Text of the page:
|SydPath Information Sheet||
Dr Graham Jones
|PhysiologyVitamin D is a steroid hormone with an
important role in calcium homeostasis and bone formation. The main storage form of vitamin
D is 25-hydroxy vitamin D and measurement of this form provides the best assessment of the
vitamin D status in the vast majority of patients. There are a small number of clinical
settings where measurement of 1,25-dihydroxyvitamin D is the preferred option. In severe
vitamin D deficiency rickets may develop. As well as the effects on bone and calcium,
vitamin D has been shown to be important for other clinical outcomes such as muscle
strength, reduction in falls, reduced risk for diabetes, cardiovascular disease and
Vitamin D can be produced in the skin by exposure to sunlight, obtained as part of a healthy diet or given as oral or parenteral supplements.
Indications for testing
There is uncertainty about the appropriate indications for vitamin D testing at this time. However testing should be considered in patients at risk of reduced sunlight exposure or risk of fracture or with increased demands. Reduced sunlight exposure can occur due to living at extremes of latitude, living primarily indoors (eg some aged-care facility residents), pigmented skin and clothing which covers most of the skin. Elderly patients are at increased risk due to reduced formation of vitamin D in the skin. Patients with osteoporosis, or who are pregnant or breast feeding should also be considered for testing.
There lack of international consensus concerning the ideal levels of vitamin D, however an Australian Position Statement on Vitamin D provides useful guidance.
>50 nmol/L - Vitamin D
SydPath Reference interval: 50 - 150 nmol/L.
There is a marked seasonal variation in vitamin D concentrations with Local data showing that 25 hydroxy vitamin D is generally about 15 nmol/L lower in winer than in summer. Thus a concentration above 65 nmol/L in summer is likely to indicate a concentration above 50 nnmol/L year round.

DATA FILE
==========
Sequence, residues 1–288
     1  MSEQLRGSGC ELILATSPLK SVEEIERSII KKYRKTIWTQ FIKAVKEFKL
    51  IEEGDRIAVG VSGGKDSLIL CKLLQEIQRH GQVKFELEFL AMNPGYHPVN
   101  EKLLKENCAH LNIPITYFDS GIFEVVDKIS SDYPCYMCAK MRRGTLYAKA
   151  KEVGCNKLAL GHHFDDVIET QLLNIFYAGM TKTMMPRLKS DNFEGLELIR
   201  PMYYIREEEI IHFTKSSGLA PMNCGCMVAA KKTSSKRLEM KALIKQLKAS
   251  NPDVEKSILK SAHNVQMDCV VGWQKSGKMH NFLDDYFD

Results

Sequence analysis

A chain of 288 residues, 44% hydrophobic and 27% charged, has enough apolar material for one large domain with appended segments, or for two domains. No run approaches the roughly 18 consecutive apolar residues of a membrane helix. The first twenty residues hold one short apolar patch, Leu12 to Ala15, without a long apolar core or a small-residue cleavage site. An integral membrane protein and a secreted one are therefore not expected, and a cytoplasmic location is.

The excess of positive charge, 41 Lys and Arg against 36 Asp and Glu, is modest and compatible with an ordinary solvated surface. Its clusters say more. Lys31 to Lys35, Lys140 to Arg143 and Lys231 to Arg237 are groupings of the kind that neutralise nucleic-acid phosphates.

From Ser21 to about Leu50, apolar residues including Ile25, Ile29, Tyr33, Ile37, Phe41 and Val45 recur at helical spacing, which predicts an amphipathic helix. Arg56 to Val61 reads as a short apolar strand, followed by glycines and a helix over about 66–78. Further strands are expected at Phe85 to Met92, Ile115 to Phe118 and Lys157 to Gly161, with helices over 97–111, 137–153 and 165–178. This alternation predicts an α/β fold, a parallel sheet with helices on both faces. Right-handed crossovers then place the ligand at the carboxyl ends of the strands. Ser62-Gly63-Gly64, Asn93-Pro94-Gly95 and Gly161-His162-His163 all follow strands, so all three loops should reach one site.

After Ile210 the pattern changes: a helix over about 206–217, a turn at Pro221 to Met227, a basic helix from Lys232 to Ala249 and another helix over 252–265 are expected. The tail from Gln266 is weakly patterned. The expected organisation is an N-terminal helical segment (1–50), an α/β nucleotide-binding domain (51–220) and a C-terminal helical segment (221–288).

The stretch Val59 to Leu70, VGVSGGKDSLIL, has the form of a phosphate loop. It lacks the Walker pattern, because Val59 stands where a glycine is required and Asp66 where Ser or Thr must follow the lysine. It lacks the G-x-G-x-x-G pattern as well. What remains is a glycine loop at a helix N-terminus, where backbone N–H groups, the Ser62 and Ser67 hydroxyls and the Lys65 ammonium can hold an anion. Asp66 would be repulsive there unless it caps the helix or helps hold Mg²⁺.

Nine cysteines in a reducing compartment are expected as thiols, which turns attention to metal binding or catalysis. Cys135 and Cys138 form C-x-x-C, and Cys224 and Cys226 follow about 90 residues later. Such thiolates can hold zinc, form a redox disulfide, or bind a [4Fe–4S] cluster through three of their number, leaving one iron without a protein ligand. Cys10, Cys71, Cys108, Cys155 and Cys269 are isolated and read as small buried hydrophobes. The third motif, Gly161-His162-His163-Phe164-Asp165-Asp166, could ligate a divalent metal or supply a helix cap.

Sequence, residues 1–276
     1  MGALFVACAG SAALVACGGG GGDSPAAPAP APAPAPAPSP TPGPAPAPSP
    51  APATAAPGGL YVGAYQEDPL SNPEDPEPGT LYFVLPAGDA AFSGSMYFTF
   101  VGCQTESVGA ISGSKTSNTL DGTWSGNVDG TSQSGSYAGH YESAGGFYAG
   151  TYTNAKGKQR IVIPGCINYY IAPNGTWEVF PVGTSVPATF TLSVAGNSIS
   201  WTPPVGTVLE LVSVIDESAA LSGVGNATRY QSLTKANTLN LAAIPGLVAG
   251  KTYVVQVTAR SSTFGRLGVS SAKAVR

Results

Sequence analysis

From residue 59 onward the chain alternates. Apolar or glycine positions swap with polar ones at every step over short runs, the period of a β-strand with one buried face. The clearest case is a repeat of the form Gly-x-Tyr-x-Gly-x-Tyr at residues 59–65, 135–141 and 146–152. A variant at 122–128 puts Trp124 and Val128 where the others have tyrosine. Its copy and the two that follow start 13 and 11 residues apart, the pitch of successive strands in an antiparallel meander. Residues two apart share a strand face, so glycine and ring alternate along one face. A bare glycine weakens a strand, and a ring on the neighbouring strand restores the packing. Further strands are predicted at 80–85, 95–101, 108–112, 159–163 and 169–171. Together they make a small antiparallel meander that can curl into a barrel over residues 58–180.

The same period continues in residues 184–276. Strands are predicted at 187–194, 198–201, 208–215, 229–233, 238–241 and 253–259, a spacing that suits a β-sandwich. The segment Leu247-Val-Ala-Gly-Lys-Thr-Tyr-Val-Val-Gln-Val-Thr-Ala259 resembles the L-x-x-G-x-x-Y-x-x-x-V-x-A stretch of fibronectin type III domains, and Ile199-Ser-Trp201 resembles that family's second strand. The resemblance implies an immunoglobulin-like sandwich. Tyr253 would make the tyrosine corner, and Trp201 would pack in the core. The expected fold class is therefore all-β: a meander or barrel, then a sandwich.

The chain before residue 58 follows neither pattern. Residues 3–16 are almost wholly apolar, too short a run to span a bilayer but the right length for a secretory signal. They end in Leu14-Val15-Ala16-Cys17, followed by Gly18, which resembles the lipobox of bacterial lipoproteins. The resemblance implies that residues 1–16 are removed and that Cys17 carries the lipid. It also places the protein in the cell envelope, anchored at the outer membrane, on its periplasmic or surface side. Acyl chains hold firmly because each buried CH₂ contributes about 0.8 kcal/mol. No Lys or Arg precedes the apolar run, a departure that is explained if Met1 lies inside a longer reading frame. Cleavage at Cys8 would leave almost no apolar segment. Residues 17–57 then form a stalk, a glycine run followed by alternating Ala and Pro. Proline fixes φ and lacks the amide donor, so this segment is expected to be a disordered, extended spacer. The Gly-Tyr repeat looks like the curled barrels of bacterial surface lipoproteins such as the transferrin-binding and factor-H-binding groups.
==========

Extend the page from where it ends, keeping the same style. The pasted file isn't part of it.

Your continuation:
Based on data from our laboratory, approximately 20% of outpatients have a 25 hydroxy vitamin D concentation in the mild deficiency range; about 4% in the moderate deficiency range and less than 1% in the severe deficiency range.
Note that toxicity is very rare for serum vitamin D below 250 nmol/L and not generally
seen below 500 nmol/L.
Serum 25-hydroxy vitamin D is measured at SydPath by the Diasorin radioimmunoassay (RIA) with solvent extraction. This is a manual process requiring a full day for processing and thus results may not be available for 2 - 3 days after collection as most samples do not commence analysis until the day after collection and occasionally the demand exceeds the assay capacity. The RIA assay however provides a very high analytical quality for the vitamin D measurements.
1,25 dihydroxy vitamin D is referred to an external laboratory. There are few clinical indications for this testing and one of the following must be indicted on the request form for this testing to be performed: renal failure; hypercalcaemia from a granulomatous or autoimmune disorder; osteomalacia; pseudovitamin D deficiency; or hereditary 1,25diOH Vitamin D resistant rickets.
Position Statement Vitamin D and adult bone health in Australia and New Zealand: a position statement. MJA 2005; 182 (6):281-285
Holick MF. Vitamin D deficiency. NEJM 2007;357:266-81.
|Further information available for SydPath clients from Dr Graham Jones: 8382-9160|
Pathology Service of St Vincent's Hospital, Sydney
|Last updated 5/9/2011|